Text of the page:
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Arts & Entertainment - page 158

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Arts & Entertainment

REVIEWS

Motörhead. Kiss of Death. It's time to dust off the cowboy boots and iron cross belt buckle and cut a rug to the 19th album by the UK's original beer-drinkers and hell-raisers. Though markedly Motörhead, as per the abundance of ammunition adorning the cover to the plodding bass and bourbon-drenched vocals of front man Lemmy Kilmister, Kiss of Death is a pretty standard speed/thrash metal offering.
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Arts & Entertainment

Putting Canada back on the television map

Tuesday evening saw the debut of CBC's latest prime time original broadcast, the brainchild of Chris Haddock, nationally revered creator of decade-spanning Canadian success Da Vinci's Inquest. His new series, Intelligence, examines a new facet of West Coast criminality, this time turning the camera towards the perpetrators rather than the victims and investigators.
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Arts & Entertainment

FILM: LIttle trailer park called home

Canada's favourite foul-mouthed trio hit the big screen last Friday after an excruciatingly long period of anticipation for fanatical devotees. The film, surprisingly, did not disappoint. The "surprisingly" modifier is used hesitantly because, let's face it, 90-plus minutes of rampant alcoholism, recreational drug use, petty criminality and enough vulgarity to make Lenny Bruce blush has the potential to get old fast.
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POP RHETORIC: I like it on top

Montreal is renowned for doing a lot of things very well - festivals, live music, smoked meat, poutine - but sometimes the things it does badly are overlooked. Specifically, pizza. There is no great pizza in Montreal. I know pizza isn't a Montreal specialty, like smoked meat, but one might expect at least a few places to sneak in and corner the market.
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MUSIC: Byrnin’ down the stale record industry house

Studying and an urgent need to pick up dry-cleaning in time for Thanksgiving may have deterred many from attending this year's Future of Music Policy Summit, held for the first time away from its birthplace of Washington D.C., in McGill's own Schulich School of Music.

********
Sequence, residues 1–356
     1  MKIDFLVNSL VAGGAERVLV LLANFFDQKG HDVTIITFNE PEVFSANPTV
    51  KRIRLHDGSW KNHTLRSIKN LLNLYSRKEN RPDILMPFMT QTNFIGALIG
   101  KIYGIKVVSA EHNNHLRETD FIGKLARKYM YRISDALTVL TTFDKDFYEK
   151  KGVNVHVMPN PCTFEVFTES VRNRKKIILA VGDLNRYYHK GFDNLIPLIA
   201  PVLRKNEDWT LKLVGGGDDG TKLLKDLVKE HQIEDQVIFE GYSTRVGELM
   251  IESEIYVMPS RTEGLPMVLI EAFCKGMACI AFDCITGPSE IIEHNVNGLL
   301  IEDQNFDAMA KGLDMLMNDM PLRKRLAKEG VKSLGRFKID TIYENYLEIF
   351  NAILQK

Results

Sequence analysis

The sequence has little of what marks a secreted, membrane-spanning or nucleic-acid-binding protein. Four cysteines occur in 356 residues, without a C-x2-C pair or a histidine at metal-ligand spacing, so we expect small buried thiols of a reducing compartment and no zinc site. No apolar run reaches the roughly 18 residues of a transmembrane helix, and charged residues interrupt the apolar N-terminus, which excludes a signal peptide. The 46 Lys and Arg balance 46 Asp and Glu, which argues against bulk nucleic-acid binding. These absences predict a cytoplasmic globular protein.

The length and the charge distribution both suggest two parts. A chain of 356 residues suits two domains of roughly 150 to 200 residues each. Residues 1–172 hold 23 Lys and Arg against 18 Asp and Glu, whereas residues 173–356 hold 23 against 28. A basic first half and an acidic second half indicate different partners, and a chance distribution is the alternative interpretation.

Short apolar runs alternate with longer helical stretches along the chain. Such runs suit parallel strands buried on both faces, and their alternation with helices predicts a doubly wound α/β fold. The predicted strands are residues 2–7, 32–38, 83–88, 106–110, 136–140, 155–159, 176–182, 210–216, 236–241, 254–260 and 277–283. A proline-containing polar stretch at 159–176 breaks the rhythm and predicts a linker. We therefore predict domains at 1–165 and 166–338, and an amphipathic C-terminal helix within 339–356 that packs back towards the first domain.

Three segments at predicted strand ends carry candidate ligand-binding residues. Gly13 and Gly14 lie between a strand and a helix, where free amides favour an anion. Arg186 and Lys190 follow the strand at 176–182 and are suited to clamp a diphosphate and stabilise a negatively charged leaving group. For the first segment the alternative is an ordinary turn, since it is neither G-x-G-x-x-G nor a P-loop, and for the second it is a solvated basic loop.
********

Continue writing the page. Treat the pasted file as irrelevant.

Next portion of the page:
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Previews

Theatre: Peccadilloes, Oct. 11-28, Wednesday-Saturday at 8 p.m.; Theatre Ste Catherine (264 Ste-Catherine E.). Wendy Clubb directs a Whip Theatre Company presentation consisting of a series of eight one-acts penned by Jon Rannells under the temptingly sinful banner Peccadilloes, or "sins" in Spanish.
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Arts & Entertainment

MUSIC: Sout (out out out out) like it’s a dance party

Well before Shout Out Out Out Out even stepped on stage Thursday night, their presence was felt among the crowd. Flocks of college kids gathered outside the venue and later filled the moderately sized La Tulipe to the brim. The level of excitement was palpable, setting the bar of expectation for the evening very high.
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PERSPECTIVE: Clix This

There is an excellent, clever and effective commercial invading our airwaves, and it drives me freakin' crazy. Unilever, the maker of Axe deodorant spray, has hired ex-Newlywed Nick Lachey as their flirtatious, dimpled spokesman for its new fragrance, Clix.
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POP RHETORIC: The movie is, like, always better than the book

I was making small talk with a co-worker this summer when my eyes latched on to the title on the spine of the book she was reading, Pride and Prejudice. "Oh yeah," she explained, "it's this movie with Keira Knightley, and it was pretty romantic so when I saw the book version I thought I'd check it out for summer.
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Newest Sparks adaptation fails to ignite

Starring Miley Cyrus, Greg Kinnear, and Liam Hemsworth, The Last Song is a too heavy on subplots and a too light on actual content. The casting directors unearthed some hidden gems in supporting actors Bobby Coleman and Carly Chaikin. Coleman plays Cyrus' younger brother and warmed my cold black heart in ways that only a small child can, especially when sharing the screen with his terminally ill father (Kinnear).
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